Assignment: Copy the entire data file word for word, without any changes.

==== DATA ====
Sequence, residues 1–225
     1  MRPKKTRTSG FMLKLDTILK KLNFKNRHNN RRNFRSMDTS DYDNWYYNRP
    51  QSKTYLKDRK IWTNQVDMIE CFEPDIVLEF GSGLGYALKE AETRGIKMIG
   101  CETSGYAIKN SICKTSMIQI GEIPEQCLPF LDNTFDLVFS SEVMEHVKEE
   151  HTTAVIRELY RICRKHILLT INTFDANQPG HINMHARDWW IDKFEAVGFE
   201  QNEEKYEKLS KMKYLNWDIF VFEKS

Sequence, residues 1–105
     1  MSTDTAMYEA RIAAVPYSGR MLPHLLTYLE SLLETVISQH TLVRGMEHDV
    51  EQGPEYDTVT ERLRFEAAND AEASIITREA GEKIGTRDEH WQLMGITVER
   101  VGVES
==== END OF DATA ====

Sequence, residues 1–225
     1  MRPKKTRTSG FMLKLDTILK KLNFKNRHNN RRNFRSMDTS DYDNWYYNRP
    51  QSKTYLKDRK IWTNQVDMIE CFEPDIVLEF GSGLGYALKE AETRGIKMIG
   101  CETSGYAIKN SICKTSMIQI GEIPEQCLPF LDNTFDLVFS SEVMEHVKEE
   151  HTTAVIRELY RICRKHILLT INTFDANQPG HINMHARDWW IDKFEAVGFE
   201  QNEEKYEKLS KMKYLNWDIF VFEKS

Sequence, residues 1–105
     1  MSTDTAMYEA RIAAVPYSGR MLPHLLTYLE SLLETVISQH TLVRGMEHDV
    51  EQGPEYDTVT ERLRFEAAND AEASIITREA GEKIGTRDEH WQLMGITVER
   101  VGVES